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RPR

Given that you are dealing with a potentially failing/plugging heat exchanger and after cooler, the steam may indicate a lower than optimum raw water flow. But as noted, some engine setups are steamers.

On my genset, steam begins to appear when the heat exchanger is slightly plugged, even though the coolant temperature is not increasing.
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Old 12-01-2015, 07:10 AM   #10
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Just seems weird that other semi displacements cruising nearby don't have the same.
Not really. It could be a matter of a few degrees, how the "shower head" disperses the water, how the exhaust run is, etc.
I get steam sometimes depending on conditions.
When you get steam and you're idling, then you have issues (unless you have just throttled down from a hard run).
Or if you suddenly have steam all the time and never did before. Then it's an indication of a potential issue.
My old Perkins would steam in spring and fall, never in the summer (L I Sound).
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Old 12-01-2015, 08:46 AM   #11
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Does your boat have a DSS shaft seal, with some of the water going to it as well? These take about 1/3 the water flow out of the exhaust. Have you changed anything else besides the injection elbow?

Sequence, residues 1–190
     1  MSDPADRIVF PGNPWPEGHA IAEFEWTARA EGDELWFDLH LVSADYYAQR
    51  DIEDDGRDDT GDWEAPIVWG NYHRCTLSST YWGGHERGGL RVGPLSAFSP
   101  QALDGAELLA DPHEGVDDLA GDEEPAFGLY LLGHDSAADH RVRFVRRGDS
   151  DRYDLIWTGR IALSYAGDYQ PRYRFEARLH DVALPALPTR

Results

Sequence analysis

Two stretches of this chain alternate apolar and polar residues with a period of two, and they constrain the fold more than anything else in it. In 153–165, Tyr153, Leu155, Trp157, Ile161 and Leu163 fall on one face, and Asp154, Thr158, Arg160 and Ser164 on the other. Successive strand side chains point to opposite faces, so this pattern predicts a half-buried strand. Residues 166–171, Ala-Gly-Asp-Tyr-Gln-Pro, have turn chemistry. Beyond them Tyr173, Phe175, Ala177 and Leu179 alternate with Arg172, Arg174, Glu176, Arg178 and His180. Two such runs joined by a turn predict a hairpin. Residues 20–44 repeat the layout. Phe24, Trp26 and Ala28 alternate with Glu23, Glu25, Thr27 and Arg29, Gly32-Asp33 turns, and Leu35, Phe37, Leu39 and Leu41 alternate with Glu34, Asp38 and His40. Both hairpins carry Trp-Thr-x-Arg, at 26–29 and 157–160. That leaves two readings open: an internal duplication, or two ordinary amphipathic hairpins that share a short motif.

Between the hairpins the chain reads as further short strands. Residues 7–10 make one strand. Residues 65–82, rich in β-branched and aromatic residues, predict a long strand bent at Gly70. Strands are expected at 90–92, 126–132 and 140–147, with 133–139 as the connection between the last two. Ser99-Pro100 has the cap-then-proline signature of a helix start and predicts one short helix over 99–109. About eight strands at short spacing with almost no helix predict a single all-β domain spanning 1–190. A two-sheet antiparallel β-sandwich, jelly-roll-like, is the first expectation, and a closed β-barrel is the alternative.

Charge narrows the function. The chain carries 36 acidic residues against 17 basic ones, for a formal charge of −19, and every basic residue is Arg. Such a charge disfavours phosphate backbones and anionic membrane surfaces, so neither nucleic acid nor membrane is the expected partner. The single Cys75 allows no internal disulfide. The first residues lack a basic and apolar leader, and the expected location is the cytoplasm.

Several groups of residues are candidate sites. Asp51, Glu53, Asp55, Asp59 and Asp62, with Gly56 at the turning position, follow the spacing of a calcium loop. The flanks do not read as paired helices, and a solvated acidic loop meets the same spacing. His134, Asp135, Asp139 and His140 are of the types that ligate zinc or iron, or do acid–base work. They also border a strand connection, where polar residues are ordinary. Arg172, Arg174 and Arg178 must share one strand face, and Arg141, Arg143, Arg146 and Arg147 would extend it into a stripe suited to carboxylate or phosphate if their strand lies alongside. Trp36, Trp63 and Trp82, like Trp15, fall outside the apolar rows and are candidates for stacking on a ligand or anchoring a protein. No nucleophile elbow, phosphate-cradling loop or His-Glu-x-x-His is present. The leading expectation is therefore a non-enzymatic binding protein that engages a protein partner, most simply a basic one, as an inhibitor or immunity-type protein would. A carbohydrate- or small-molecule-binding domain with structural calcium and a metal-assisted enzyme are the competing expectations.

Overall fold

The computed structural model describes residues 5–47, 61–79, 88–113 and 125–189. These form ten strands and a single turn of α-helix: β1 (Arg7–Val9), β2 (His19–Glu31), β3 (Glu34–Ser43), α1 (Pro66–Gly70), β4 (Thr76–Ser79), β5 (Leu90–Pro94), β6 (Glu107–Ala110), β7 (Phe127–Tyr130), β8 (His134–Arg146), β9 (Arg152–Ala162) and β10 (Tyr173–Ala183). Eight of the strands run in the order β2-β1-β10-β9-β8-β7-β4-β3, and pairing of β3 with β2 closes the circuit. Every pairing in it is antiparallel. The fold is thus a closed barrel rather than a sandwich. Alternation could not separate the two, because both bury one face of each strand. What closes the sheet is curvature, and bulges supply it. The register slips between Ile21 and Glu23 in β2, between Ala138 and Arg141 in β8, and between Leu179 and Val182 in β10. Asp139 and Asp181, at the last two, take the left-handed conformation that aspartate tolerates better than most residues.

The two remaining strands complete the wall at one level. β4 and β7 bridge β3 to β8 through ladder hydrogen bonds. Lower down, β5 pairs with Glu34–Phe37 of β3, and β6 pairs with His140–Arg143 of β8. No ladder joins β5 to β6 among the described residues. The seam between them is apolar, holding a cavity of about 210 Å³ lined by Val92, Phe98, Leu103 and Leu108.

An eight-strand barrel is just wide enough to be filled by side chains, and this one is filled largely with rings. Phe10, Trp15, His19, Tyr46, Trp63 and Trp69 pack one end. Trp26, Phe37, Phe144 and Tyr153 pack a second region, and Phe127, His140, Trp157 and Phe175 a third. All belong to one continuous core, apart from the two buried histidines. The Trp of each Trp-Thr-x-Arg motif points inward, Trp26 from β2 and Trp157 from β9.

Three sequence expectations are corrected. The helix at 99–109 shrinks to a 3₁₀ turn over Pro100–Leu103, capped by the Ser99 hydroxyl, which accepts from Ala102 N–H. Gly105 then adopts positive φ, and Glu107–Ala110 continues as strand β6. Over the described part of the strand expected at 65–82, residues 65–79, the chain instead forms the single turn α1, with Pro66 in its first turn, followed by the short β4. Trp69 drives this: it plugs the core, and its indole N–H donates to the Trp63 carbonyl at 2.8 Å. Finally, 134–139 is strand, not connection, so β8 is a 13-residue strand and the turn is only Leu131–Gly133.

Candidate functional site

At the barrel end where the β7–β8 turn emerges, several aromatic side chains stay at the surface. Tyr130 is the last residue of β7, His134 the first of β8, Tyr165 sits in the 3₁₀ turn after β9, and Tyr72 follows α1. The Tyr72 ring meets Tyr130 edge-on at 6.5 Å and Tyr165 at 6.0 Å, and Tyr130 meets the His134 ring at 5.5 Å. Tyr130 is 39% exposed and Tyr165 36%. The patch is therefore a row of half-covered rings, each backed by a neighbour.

Don't think that's correct. Have 2 of those on different boats. The feed line is 3/8". Doubt you could pass 3 GPM through a 3/8" hose.

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Old 12-01-2015, 07:32 PM   #12
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Is 3gph the spec for a t6.354?

(I don't have a dss)
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Old 12-01-2015, 08:22 PM   #13
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Always had a tiny bit of blue and steam on start-up of my Perkins HT6-354 which had 20,000hrs on it (12,000 done by me). All smoke/steam disappeared after a few minutes. Restricted raw water flow would be my first guess.
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Old 12-01-2015, 11:31 PM   #14
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Steamy exhaust

This past summer, we were experiencing an intermittent water flow alarm when running our port FL120 up to 1750 rpm. Also was getting steam whisps from the port exhaust. At 1500 there were no alarms and the steam was minimal. Checking engine temps with an IR showed the port engine running about 20 degrees higher than stbd. Not overheating, but an indication that something was amiss. Next stop I started to methodically go through the raw water system.
Strainer, impeller, hoses, through hulls and heat exchangers were " serviced " by a yard in Tacoma, paid for by the previous owner, while on the hard for bottom paint.Six months before we purchased.
I started at the exhaust elbow, and it was clean. checked each HX and they were clean, impeller good, strainer good, removed each new hose and inspected, all good, up to the through hull which was serviced and not suspect.
The input to the through hull looked good from the inside of the sea chest, the exterior of the through hulls were nice and shiny clean.
After the next days running, same problem!!!
The only thing I didn't take apart was the sea cock, and being in the water and away from a close marina,not something that I wanted to do. The only part of the system that I haven't removed was the bronze elbow coming off the sea cock. Don't ask why.